Now, about those Independent voters - they don't care about parties. They vote for the candidate.  In this year's cycle, not only do we have a man who has never held elected office as the party's nominee, he is running against a Democrat woman who holds as high unfavorable numbers as him.  Plus, in her case, she may be facing federal indictment before the election rolls around.

It's too early yet to expect a big kumbiya moment with Republican and conservative leaning voters to hug it out and vow to work together for November victories.  Most Republicans will understand that getting out to vote and supporting down ballot candidates is so very important.  Think of the judicial candidates and party chairman races that depend on voter participation at the local level.  All politics is local.

The big tent has been erected.  We just didn't realize it would be by a Democrat who now calls himself a Republican.  If Trump had held an R next to his name for years, though, he would be embraced by the same people now declaring they cannot possibly vote for him in November.  They would find a way to hold their noses and vote for him, just as some in the party always have to do with our nominees.  I've done it. There is no perfect candidate who pleases everybody.  Some conservative leaning voters aren't able to look at the bigger picture or even look down the road a bit.  I understand that.  Most voters aren't political nerds - policy papers, campaign strategy, candidate recruitment and C-SPAN don't interest them. There is no passion.  Some just show up on election day and vote.  That's the most important part.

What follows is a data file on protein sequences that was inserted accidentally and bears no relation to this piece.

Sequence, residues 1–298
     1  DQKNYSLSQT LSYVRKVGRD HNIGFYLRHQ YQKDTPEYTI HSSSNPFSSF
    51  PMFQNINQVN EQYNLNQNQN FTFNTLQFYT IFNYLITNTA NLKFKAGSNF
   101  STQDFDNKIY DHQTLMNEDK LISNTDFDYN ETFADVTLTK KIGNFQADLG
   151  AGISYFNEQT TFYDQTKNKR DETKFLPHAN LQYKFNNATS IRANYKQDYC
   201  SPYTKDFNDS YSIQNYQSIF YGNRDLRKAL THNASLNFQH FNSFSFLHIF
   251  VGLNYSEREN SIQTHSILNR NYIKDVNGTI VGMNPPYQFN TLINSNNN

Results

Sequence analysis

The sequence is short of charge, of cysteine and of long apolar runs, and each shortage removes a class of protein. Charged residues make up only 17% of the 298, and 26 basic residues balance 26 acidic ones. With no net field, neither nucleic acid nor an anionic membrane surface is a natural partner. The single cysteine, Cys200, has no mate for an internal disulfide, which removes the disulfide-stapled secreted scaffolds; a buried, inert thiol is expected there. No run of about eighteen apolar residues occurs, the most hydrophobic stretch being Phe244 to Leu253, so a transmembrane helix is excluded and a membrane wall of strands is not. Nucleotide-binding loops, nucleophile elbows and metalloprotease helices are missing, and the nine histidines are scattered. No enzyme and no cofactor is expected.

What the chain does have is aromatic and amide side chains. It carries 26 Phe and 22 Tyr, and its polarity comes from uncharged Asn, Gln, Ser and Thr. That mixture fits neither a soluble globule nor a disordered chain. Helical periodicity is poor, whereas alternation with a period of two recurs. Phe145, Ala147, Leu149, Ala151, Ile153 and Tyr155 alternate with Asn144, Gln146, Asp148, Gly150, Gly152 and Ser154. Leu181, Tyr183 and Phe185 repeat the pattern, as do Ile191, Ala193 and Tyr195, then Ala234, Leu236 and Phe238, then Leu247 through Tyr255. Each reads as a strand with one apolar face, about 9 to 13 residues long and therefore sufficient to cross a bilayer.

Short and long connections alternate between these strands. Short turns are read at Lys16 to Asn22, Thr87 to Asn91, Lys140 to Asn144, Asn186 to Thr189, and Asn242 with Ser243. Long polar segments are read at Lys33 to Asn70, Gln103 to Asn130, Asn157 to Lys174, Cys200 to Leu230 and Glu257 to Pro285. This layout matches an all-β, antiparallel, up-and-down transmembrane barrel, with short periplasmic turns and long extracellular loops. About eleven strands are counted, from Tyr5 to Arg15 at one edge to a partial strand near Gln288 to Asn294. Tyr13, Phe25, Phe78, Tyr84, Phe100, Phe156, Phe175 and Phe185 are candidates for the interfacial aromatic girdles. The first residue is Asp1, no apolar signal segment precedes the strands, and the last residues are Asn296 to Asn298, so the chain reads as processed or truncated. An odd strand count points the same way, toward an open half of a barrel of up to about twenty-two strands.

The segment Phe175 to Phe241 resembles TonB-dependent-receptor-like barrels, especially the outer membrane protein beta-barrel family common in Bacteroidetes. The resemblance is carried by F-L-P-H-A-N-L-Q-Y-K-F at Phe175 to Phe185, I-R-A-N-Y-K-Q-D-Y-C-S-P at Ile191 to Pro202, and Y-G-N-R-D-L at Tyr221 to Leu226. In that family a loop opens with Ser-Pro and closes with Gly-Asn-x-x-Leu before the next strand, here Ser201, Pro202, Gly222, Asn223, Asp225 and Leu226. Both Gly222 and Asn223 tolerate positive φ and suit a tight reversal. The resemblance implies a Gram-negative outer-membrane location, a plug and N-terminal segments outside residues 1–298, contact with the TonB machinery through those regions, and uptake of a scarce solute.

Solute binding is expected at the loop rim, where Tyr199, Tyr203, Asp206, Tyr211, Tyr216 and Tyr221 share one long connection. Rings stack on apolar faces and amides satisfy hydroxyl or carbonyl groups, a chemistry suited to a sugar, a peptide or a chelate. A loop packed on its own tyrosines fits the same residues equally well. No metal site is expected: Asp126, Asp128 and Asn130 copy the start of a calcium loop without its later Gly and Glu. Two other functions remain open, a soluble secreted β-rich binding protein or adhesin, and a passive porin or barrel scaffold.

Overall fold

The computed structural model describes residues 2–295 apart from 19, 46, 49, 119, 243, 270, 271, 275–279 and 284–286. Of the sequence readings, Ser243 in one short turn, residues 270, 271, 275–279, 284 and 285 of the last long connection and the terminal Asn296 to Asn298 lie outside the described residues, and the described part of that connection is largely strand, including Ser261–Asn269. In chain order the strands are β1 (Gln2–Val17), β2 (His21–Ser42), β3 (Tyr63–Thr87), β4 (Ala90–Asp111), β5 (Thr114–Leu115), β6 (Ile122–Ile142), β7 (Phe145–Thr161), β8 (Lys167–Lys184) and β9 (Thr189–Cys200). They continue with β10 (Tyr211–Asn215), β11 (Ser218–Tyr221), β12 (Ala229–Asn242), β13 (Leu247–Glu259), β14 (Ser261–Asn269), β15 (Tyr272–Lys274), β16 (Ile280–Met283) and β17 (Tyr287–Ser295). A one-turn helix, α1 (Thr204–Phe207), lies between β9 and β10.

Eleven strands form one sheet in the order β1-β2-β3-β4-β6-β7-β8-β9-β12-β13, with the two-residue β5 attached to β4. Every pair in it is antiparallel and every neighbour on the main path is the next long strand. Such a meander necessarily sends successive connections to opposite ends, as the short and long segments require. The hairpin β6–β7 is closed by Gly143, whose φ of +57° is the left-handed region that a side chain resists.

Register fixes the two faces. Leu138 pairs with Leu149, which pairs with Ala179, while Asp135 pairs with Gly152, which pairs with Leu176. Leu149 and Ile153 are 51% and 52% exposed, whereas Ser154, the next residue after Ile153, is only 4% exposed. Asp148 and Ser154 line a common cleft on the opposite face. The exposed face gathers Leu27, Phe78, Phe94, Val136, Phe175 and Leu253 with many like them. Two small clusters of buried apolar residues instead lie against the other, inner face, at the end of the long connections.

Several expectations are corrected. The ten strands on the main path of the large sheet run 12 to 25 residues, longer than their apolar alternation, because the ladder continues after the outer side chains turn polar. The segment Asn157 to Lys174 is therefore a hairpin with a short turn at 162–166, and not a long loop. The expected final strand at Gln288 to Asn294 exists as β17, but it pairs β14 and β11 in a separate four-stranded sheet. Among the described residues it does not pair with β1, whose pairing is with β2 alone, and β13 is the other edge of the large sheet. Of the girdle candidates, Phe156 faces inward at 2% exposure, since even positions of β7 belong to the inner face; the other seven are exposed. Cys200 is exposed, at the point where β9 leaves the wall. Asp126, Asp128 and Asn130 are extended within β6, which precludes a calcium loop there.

Do not succumb to the ugliness of mocking and name calling now seen on social media towards Trump voters.  Americans are free to support any candidate.  It is the job of each candidate to win over voters. I know you have reasoned with people in your life who declared there was no way they could vote for this person or that one. It's happened to all of us - maybe it's been us. In today's culture, which Republicans have failed miserably to embrace or even try to understand, this Trump guy gets all the media attention and everyone knows him.  Chances are, you, too have a family member or friend who is a Trump voter in their state primary or caucus.  They aren't less intelligent or uneducated.  They are doing what we have asked them to do all along - get out and vote, preferably for a Republican candidate. They just don't want another politician as the candidate. 

Trump is a master marketer. It is his super power.  The challenge is this - does the Republican Party embrace his enthusiastic voters and those newly interested in politics as it relates to them or do we brush them aside and continue to fade into the sunset? Those of you who sat out the last two presidential elections because you were unable to bring yourself to vote for a John McCain or a Mitt Romney, as they didn't pass your political purity test - well, that is how we ended up with Barack Obama. How's that worked out for you? When I have moments of weakness, two words come into my mind - Supreme Court.  That's all I need.